Knowing about Teaching
Helping students, lecturers and practitioners in education become the best professionals they can be.
The 6th TEAN conference was held at Conference Aston in Birmingham on May 13th and 14th 2015. We were delighted to welcome delegates and presenters from Northern Ireland, Wales, Scotland, England and Australia this year to our first two day conference.
This year’s theme, Knowing about Teaching, celebrated the combined knowledge of all present who showed decisively that they certainly do know about teaching. All were asked what this title suggested to them and we certainly were treated to a wide range of responses to this question. The two excellent keynote presentations and wide range of papers on offer presented a rich diet for delegates who thoroughly enjoyed the inspiration of the day.
To give the opening keynote address on May 13 we were pleased to welcome Kenneth Muir, Chief Executive of the General Teaching Council for Scotland. In his address – Knowing about Teaching: Building Professional Capital – Ken suggested to us that we all faced similar challenges with respect to teacher education, whether we hailed from the UK or beyond. He highlighted: the need to create a world-class, sustainable, future-proofed education system; the need to close the attainment gap; the need to support teachers to deliver high quality learning and teaching; the need to ‘talk up’ the teaching profession; the need to recognise and work with the complexity of teaching.
Download Ken Muir’s full PowerPoint presentation
Biographical notes for Ken Muir
Kenneth Muir was appointed Chief Executive of the General Teaching Council for Scotland in September 2013. Prior to that, he had worked in HMIE/Education Scotland for 18 years, having previously held various senior posts in schools and education authorities.
Kenneth held a number of senior management posts within HMIE/Education Scotland, from 2005 to until 2009 as HM Chief Inspector having responsibility for pre-school centres and nursery classes, independent schools, pre- and post-registration of schools, and school care and accommodation services. From July 2009 took on the responsibility for the review of Scotland’s colleges, prison inspections and initial teacher education. More recently as Chief Inspector, he had responsibility for the inspection of all secondary school inspections and all-through schools, and he led the last review of the school inspection framework. In April 2012, he was appointed to Strategic Director (Schools) and Director of Inspection, Education Scotland as part of the creation of the new educational body, Education Scotland.
For our second keynote address on May 14, TEAN welcomed Trevor Mutton, Associate Professor at the Department of Education at the University of Oxford. Trevor took as his theme: Knowing about teaching, learning to teach and beginning teachers as learners: the challenges for teacher educators. Complexity featured highly again here with Trevor warning us that current trends to reduce complexity to make it ‘easy’ are not what is wanted. Rather than seeing what works, we should ask why it works and embrace the richness of that complexity. Amongst the challenges for teachers that Trevor alerted us to were: the range of knowledge that teachers need of learners and learning, of subject matter and curriculum goals and of knowledge of teaching; and the importance of interpretation and judgement.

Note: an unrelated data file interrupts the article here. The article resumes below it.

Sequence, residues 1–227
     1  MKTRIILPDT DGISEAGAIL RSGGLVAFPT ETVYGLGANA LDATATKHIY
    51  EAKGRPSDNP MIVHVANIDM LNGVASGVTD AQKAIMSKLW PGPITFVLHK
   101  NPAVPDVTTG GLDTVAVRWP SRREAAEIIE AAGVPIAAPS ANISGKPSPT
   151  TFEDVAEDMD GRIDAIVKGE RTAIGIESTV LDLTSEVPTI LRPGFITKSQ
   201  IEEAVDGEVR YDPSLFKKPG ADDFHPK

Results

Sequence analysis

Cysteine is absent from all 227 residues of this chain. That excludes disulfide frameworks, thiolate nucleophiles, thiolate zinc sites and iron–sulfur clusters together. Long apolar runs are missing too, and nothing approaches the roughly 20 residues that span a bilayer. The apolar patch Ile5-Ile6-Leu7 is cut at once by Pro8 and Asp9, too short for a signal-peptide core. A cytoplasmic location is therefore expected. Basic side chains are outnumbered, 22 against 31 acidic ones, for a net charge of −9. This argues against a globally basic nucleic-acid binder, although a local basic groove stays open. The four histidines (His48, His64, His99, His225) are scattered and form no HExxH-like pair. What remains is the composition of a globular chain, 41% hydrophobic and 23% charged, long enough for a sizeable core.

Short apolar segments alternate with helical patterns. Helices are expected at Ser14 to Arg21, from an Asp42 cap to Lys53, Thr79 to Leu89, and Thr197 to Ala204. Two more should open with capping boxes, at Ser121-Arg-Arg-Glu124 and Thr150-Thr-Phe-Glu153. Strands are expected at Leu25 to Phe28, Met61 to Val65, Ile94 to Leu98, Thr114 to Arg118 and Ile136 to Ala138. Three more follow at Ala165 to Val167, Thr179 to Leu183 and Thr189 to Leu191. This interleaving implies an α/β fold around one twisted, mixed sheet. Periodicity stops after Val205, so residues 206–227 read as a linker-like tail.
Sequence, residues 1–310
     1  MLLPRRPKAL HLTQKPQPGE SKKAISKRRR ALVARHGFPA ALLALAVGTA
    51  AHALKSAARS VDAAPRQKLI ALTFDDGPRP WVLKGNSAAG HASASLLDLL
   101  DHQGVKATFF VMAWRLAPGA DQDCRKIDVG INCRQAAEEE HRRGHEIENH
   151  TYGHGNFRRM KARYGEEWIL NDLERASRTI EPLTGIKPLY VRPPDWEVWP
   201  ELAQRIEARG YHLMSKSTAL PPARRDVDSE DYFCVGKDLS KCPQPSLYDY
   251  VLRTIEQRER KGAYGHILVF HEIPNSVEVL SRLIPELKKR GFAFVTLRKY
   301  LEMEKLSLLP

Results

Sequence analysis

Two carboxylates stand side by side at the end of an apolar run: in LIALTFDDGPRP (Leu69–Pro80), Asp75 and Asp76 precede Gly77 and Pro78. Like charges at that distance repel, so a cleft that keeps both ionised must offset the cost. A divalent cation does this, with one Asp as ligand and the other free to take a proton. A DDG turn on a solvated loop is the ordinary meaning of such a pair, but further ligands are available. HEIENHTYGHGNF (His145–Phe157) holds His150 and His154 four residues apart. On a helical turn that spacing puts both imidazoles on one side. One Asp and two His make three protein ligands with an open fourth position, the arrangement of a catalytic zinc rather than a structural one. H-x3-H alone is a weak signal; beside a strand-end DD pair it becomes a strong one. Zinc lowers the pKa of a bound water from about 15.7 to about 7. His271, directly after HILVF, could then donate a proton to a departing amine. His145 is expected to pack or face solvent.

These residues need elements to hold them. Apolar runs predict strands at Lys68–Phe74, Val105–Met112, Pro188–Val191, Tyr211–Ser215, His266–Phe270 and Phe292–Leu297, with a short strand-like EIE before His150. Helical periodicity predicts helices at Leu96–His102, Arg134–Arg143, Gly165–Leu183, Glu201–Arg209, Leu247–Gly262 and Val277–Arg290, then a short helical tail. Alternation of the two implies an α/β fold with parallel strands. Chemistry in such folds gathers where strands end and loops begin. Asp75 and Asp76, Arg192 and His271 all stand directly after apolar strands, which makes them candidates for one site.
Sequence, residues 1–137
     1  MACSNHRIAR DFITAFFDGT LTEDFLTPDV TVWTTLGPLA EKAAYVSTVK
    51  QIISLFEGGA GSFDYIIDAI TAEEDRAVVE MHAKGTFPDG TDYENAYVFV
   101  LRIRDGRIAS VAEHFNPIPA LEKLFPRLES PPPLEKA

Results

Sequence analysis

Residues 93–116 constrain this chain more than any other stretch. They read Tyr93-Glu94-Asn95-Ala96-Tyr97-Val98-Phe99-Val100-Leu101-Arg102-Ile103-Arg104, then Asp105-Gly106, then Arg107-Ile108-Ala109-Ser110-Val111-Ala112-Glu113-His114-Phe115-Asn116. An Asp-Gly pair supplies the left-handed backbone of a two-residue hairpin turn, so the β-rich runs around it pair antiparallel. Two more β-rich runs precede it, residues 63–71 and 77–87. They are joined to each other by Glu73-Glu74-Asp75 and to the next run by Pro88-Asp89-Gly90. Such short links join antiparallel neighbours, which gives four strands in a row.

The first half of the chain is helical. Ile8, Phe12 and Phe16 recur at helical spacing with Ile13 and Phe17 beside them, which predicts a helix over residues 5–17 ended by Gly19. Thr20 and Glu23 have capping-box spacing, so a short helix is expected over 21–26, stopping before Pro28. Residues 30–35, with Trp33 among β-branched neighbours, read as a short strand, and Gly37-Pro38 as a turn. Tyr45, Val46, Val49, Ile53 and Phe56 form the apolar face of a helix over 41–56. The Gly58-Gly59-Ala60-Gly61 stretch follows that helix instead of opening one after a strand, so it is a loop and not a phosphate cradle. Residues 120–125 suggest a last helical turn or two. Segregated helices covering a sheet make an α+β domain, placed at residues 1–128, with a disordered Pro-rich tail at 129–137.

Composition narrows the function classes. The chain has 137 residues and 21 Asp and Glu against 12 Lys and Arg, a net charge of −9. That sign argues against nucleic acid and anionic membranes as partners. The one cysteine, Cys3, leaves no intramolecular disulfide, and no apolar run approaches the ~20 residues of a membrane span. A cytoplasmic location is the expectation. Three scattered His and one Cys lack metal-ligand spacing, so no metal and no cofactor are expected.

Download Trevor Mutton's full PowerPoint presentation
Biographical notes for Trevor Mutton
He also teaches and supervises on the part-time MSc in Learning and Teaching. He has worked at the Department of Education since 1997, having worked previously as Head of Modern Languages at one of the OUDE partnership schools. Trevor’s research focuses primarily on the professional learning of beginning teachers particularly through his involvement in the ‘Developing Expertise of Beginning Teachers’ (DEBT) project, a longitudinal study that has involved tracking 24 secondary teachers of English, Mathematics and Science through their initial training and then subsequently through their first and second year of teaching. The project seeks to examine the beginning teachers’ developing thinking and practice, and their experience of professional learning. He is also a co-researcher on the ‘Learning to Teach in England’ project, led by Teresa Tatto and Ian Menter.
After the keynotes on each day, delegates were treated to a wide range of presentations, round tables, read and review sessions and workshops. Many thanks to all presenters for the time they gave in preparing their presentations to help create a successful conference. Thanks also to the writers of some high quality posters which were a welcome enrichment of the conference.
You can access some of the PowerPoint presentations and other materials from the day by clicking on the items in the following list, which shows the lead presenter(s) with institution, and the title of the presentation: